Trenton discovers strange pieces of tools hidden in Cove, which leads him to Kallista. Could these tools be part of a secret message to Kallista from her father? Working together, Trenton and Kallista follow the clues Babbage left behind; on the way, they uncover all of Cove’s secrets. But will the leaders of Cove allow them to share what they’ve learned, or imprison them for retraining?

The Cove series reminds me very much of the City of Ember series in that it involves a teen boy and girl, living in a hidden city because of an environmental cataclysm, and discovering the truth about the city’s history. The sci-fi twist that we get in the last third of the book is a pleasant surprise and will perk readers up as they head into the first book’s conclusion. There’s a lot of storytelling here, with in-depth character development, and plenty of action and adventure.

I’d include this book in a maker collection to spur imaginations and – GASP – creativity!

J. Scott Savage is the author of the hugely popular Case File 13 series. You can follow him on Twitter @jscottsavage, or visit his author site to check out his blog and learn more about author visits.

Salt Lake City readers, want a shot at being in the book trailer? Details are on the Shadow Mountain Facebook page! They’ll be shooting the Fires of Invention trailer on Thursday, July 2nd, in Salt Lake City, and you and a friend can enter to win spots as extras! Like and Share the Shadow Mountain Facebook post, and check out the rules. Open only to US residents. Not affiliated with Facebook or MomReadIt. The trailer will be shown at SLC Comic Con and will be a lot of fun to make!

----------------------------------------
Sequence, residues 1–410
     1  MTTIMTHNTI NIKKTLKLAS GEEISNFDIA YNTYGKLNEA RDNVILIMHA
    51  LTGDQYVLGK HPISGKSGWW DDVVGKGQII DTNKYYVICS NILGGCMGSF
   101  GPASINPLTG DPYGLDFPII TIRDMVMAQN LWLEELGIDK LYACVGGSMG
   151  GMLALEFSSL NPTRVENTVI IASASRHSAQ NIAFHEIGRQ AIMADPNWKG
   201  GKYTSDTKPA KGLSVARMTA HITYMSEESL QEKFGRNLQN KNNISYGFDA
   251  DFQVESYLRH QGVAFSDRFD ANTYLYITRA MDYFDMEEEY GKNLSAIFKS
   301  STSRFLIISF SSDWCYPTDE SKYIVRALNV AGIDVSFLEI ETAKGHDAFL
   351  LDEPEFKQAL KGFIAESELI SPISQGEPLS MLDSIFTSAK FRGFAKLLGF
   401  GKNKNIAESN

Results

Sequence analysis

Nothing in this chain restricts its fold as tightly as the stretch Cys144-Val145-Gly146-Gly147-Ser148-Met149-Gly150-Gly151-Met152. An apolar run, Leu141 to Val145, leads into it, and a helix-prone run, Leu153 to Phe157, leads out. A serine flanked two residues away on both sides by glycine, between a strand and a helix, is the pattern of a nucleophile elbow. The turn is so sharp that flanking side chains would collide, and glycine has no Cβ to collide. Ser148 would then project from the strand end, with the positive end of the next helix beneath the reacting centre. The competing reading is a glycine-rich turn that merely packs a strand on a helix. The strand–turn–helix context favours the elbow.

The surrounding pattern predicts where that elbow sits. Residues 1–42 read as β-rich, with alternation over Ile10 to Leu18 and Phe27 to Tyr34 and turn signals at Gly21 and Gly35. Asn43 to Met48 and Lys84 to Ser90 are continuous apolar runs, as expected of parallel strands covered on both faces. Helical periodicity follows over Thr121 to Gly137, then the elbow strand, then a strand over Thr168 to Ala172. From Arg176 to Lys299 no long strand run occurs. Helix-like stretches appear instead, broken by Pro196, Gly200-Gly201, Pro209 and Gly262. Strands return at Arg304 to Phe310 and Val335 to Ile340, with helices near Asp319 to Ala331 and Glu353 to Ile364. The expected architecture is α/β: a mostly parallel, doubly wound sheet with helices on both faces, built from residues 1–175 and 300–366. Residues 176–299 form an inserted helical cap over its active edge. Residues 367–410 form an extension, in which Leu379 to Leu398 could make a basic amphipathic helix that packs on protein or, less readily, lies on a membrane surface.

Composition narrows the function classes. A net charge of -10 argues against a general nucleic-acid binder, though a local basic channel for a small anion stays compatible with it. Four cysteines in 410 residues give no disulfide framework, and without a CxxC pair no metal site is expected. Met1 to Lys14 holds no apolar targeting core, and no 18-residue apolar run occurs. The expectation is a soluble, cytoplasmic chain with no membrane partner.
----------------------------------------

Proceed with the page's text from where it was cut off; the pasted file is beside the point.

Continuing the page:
Posted in Horror, Post-apocalyptic/Dystopian, Teen, Young Adult/New Adult

Quarantine 3: The Burnouts brings the post-apocalyptic trilogy to a tense end

quarantineQuarantine 3: The Burnouts, by Lex Thomas, Egmont USA (2014). $17.99, ISBN: 9781606843383

Recommended for ages 14+

The third book in Lex Thomas’ post-apocalyptic series continues the story of Will and David, the brothers from McKinley High, where the kids are quarantined in the wake of a disastrous infection. Lucy, the last of the group from the previous book, is still inside – for now – trying to survive, and Hilary, who’s finally, completely, snapped, brings a reign of terror with her as she takes control of the school and all the gangs within it.

The publisher has called this series “Lord of the Flies in a 21st century high school setting”, which is spot-on. The kids inside the school have split into factions that fight to survive life inside the school. It’s a no-man’s land where children will do whatever they are forced to in order to make it to “graduation” – when the disease breaks and they can leave the building, assimilating into life on the outside.

I couldn’t put this book down. It’s got action, fantastic pacing, strong characters, and pulls no punches in its storytelling. There are references to sex, pregnancy, drug abuse, and violence throughout the book, so if any of these are issues for readers, this isn’t your book. It’s a powerful, gut-wrenching book that will keep you on the edge of your seat as you read.

The world in Quarantine isn’t safe inside or outside the McKinley walls – on the outside, there are those who want to destroy what the citizens have put together. They want to destroy the school and destroy the disease that rages on within its walls. The citizens on the outside – the families of the children inside – have to fight to stay alive and keep their kids alive.

The book hits shelves on August 22nd. In the meantime, check out the first two books: Quarantine: The Saints and Quarantine: The Loners and get ready.